Dr. Shane Brady is in his first year as an assistant professor at the University of Oklahoma Anne and Henry Zarrow School of Social Work. Dr. Brady’s dissertation work on building formal practice theory in community organizing has laid the beginning foundation for evidence informed community organizing practice by utilizing community based participatory research as a mechanism to develop community rooted interventions for building capacity and engaging in social action. Dr. Brady is also known in qualitative research circles for his use and adaptation of the Delphi method for use in community based research, which is demonstrated by his inclusion inthe new and highly regarded text, the Handbook of Methodological Approached to Community-Based Research: Quantitative, Qualitative, and Mixed Methods, set to be released in 2016 as well as his feature article on utilizing the Delphi method in qualitative social work research, currently in press with the Journal of Qualitative Social Work. Dr. Brady’s major research area is best summarized as developing empowerment based participatory community based interventions by utilizing community organizing as a method for addressing problems, building capacity, and advocating for social change. In addition to his growing contributions to the scholarship of community organizing and social work practice, Dr. Brady has over 10 years of experience as a community organizer, community outreach worker, clinical social worker, and not-for-profit manager, along with five years of stellar teaching experience in higher education.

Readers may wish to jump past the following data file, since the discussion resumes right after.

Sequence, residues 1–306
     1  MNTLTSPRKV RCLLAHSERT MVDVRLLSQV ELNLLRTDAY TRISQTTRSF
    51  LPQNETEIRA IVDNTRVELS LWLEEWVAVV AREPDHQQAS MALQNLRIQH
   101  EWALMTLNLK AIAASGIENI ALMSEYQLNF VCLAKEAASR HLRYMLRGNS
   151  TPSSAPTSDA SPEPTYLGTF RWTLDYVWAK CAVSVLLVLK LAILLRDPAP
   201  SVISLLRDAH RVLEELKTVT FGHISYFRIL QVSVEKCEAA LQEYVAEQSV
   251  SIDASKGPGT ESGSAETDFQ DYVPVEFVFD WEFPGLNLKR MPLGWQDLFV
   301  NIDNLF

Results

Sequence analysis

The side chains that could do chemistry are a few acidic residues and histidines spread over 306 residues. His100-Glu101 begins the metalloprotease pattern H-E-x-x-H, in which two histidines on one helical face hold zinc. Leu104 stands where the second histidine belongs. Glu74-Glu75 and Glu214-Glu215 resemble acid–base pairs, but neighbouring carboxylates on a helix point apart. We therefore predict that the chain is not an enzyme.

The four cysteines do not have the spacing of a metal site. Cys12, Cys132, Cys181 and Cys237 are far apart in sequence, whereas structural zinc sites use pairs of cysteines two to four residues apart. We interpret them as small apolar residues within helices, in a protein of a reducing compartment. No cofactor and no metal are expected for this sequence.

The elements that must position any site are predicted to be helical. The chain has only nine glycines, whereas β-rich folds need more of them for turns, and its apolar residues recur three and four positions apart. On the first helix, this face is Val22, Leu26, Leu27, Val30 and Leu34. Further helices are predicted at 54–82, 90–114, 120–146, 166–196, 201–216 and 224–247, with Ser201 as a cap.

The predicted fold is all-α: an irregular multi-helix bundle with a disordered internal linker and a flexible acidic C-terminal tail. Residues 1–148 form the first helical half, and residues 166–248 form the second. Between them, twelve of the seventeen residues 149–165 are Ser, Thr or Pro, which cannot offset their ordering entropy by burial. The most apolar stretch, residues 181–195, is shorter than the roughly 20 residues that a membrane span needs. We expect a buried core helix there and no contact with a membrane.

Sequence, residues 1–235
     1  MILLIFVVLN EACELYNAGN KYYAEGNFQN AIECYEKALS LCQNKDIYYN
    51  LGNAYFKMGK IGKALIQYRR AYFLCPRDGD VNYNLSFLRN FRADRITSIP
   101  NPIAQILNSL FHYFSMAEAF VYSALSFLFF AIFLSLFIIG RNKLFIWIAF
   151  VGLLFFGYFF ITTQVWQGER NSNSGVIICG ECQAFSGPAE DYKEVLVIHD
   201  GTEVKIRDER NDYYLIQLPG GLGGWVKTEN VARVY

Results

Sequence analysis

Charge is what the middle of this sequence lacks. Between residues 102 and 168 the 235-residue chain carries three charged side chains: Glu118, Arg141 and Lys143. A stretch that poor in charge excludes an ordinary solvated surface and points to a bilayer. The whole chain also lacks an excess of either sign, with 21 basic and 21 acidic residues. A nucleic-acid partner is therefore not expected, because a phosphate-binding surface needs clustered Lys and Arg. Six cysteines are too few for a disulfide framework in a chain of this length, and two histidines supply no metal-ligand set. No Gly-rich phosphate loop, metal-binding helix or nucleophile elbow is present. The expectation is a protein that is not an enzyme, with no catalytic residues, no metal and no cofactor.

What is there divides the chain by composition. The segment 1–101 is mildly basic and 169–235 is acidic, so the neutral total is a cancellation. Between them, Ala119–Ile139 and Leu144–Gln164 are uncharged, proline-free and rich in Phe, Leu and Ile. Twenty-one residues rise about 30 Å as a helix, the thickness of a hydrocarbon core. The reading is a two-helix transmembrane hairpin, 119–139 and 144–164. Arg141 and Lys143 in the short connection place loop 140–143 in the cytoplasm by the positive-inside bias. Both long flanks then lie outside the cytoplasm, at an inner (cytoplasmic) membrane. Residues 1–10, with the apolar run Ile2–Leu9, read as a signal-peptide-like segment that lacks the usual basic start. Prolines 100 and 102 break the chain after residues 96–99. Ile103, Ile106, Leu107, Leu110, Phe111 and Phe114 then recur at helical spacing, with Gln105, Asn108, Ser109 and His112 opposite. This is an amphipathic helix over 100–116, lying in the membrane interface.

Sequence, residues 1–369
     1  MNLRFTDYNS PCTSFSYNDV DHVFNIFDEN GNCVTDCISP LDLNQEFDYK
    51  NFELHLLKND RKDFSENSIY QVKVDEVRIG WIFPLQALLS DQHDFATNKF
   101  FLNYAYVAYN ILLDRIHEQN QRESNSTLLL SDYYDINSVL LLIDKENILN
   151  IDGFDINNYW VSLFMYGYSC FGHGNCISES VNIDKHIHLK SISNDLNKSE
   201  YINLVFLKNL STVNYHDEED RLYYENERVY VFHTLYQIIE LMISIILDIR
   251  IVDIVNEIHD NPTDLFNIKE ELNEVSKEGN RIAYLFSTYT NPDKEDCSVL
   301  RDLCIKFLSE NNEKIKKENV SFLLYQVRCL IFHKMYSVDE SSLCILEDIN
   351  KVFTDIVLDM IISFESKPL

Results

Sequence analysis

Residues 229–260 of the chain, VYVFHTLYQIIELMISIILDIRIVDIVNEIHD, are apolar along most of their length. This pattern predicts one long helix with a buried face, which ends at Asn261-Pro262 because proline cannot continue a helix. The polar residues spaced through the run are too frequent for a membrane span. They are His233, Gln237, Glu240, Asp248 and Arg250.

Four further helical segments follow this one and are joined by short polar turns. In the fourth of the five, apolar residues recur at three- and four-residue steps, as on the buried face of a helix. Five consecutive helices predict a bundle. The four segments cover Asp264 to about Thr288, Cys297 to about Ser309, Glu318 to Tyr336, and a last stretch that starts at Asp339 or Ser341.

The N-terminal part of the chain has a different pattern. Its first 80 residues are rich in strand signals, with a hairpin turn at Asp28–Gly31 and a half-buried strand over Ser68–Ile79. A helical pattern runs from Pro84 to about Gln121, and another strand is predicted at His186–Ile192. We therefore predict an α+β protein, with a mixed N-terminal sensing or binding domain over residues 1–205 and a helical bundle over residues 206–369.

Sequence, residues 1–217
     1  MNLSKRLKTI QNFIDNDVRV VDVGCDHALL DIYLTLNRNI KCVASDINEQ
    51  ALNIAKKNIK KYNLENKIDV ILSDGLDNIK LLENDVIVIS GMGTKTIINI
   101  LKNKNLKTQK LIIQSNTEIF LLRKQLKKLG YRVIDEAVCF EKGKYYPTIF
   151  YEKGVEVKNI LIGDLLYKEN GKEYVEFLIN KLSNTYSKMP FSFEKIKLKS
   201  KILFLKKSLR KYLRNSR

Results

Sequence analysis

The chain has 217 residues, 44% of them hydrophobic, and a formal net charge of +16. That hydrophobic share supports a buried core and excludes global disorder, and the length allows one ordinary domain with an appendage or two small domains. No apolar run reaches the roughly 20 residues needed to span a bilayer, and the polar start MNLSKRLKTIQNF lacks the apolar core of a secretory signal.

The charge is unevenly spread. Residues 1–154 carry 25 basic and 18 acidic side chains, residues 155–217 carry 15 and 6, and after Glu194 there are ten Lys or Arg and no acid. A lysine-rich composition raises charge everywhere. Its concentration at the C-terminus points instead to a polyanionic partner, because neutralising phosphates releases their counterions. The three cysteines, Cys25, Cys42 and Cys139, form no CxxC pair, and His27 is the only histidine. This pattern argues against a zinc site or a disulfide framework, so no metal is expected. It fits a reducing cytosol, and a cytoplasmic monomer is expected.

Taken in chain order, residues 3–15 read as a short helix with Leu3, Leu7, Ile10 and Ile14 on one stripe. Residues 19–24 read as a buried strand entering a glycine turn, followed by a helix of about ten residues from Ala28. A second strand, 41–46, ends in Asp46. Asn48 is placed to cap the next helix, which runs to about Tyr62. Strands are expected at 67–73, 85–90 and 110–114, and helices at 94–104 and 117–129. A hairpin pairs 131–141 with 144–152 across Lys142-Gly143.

Dr. Brady recently had an article published on the negative effects of neoliberalism on community organizing practice which was published in the Journal of Social Action in Counseling and Psychology Special Issue: Critical Community Practice. The article can be found here. Please join us in congratulating Dr. Brady and welcoming him as a member of our faculty.
You can read more on Dr. Brady through his faculty page or his personal website.
Posted on Tue, September 30, 2014
by Amy Arnold filed under